The House of Lords showed it was out of touch with voters' concerns by trying to water down Government efforts to slash billions from welfare payments, Nick Clegg said.
A series of defeats inflicted on benefit reforms by peers, including leading bishops, were reversed by MPs on Wednesday despite protests from disability and poverty campaigners.
The upper chamber had sought to exclude child benefit from a £26,000-a-year household cap, exempt cancer patients from means testing and stop parents being charged to use the Child Support Agency.
Senior Tories have accused ministers of treating the Lords with "contempt" by using parliamentary convention to prevent the upper chamber proposing further changes in key areas.
Interviewed by parliament's The House magazine in the wake of the defeats, Mr Clegg, who is leading efforts to reform the Lords, suggested it was irrelevant to the public.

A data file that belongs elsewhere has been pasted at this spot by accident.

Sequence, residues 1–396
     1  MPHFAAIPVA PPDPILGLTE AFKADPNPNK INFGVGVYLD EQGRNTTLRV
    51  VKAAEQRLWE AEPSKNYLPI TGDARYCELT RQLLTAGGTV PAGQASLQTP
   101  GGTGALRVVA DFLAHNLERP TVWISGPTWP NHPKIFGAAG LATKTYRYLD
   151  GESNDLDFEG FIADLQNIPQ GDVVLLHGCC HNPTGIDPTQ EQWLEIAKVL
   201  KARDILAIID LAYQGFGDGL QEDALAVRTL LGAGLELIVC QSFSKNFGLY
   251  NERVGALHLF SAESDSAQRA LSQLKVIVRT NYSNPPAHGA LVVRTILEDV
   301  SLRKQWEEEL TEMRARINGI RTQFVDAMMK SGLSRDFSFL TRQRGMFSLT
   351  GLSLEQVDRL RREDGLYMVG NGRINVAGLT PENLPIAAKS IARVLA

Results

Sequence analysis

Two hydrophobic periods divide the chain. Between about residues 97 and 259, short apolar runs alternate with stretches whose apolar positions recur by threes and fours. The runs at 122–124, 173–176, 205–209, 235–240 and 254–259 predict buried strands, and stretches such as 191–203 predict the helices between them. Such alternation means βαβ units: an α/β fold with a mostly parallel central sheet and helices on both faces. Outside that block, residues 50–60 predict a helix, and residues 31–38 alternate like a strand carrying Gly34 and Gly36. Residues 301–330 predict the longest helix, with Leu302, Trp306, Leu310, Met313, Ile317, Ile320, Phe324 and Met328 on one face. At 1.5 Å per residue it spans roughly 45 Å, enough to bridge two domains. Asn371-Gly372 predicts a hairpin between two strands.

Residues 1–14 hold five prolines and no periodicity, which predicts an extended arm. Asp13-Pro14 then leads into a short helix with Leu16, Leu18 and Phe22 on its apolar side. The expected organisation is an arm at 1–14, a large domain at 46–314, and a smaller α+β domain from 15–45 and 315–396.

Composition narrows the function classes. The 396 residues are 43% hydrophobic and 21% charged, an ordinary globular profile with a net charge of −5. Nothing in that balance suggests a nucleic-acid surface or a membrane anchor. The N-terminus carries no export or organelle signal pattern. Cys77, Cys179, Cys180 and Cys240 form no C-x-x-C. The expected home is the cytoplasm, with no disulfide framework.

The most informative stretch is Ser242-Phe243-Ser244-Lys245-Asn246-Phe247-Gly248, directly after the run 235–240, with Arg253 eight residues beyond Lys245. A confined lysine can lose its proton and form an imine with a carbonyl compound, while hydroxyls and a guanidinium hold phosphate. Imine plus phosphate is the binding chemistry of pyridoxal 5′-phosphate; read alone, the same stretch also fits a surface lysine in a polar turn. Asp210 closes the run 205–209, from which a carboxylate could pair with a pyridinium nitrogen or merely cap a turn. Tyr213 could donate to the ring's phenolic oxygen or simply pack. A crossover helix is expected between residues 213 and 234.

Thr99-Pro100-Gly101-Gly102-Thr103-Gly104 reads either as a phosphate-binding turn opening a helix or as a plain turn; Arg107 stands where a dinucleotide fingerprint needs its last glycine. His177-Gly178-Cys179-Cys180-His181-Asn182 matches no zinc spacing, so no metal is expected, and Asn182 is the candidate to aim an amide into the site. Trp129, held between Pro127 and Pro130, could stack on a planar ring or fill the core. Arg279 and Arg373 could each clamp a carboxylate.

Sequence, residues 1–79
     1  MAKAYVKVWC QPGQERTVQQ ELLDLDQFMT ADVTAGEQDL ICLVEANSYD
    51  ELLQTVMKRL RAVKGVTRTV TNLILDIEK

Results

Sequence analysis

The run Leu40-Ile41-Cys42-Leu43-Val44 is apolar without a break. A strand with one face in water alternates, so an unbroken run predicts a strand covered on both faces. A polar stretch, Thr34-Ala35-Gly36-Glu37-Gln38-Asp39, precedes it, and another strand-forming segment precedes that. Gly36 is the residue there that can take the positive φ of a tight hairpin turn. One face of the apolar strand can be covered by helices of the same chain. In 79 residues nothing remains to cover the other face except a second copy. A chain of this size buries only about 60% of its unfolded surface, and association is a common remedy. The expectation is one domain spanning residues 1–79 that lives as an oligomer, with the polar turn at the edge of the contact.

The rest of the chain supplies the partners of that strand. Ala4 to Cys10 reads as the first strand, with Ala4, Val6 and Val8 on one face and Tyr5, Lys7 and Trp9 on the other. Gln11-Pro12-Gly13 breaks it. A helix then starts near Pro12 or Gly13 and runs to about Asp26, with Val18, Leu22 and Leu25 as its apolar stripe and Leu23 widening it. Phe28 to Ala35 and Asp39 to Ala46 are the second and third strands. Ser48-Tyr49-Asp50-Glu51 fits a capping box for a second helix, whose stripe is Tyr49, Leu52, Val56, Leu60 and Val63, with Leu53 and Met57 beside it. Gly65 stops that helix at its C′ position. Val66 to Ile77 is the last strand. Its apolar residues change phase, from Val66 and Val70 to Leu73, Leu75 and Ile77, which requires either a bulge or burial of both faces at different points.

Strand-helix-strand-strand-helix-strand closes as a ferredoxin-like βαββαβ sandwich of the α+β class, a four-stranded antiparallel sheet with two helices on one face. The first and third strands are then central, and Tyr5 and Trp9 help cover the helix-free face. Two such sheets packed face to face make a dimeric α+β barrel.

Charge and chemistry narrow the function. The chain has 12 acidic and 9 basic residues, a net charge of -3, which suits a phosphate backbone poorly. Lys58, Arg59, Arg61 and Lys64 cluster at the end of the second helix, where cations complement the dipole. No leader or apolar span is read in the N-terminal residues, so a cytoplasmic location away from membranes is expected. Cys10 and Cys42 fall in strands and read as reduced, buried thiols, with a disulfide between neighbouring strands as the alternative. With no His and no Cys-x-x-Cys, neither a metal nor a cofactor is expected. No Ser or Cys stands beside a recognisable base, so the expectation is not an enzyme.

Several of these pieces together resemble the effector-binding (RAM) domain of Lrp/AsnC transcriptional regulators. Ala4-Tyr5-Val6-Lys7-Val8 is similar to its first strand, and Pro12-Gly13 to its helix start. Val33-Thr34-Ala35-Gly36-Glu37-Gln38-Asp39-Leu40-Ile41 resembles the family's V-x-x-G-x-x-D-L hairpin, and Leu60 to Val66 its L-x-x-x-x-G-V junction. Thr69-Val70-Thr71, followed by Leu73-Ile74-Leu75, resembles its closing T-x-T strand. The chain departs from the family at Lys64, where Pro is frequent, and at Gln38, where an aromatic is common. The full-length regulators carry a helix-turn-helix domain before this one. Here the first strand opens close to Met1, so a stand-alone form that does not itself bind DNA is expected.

"When people are trying to pay the bills, and are worried about their jobs, and are worried their kids going to college and all the rest of it, I don't think the vast majority of people think about the House of Lords at all," he said.
"I don't think it impinges on their daily life at all. When it does, like it did this week, how can I put this politely? I suspect many people will think: 'I am not sure this is a chamber in real touch with my everyday concerns'."
He defended the opposition of some of his own party's peers to aspects of the Welfare Reform Bill however, saying they had "totally legitimate concerns" over some issues.
They were often being asked to vote in some cases on things they "wouldn't do in a month of Sundays if it was a Liberal Democrat government", he pointed out.
Mr Clegg also expressed his fears that the international stand-off with Iran over its nuclear ambitions could end in conflict or provoke countries such as Israel to launch a military strike. "Of course I worry that there will be a military conflict and that certain countries might seek to take matters into their own hands," he said.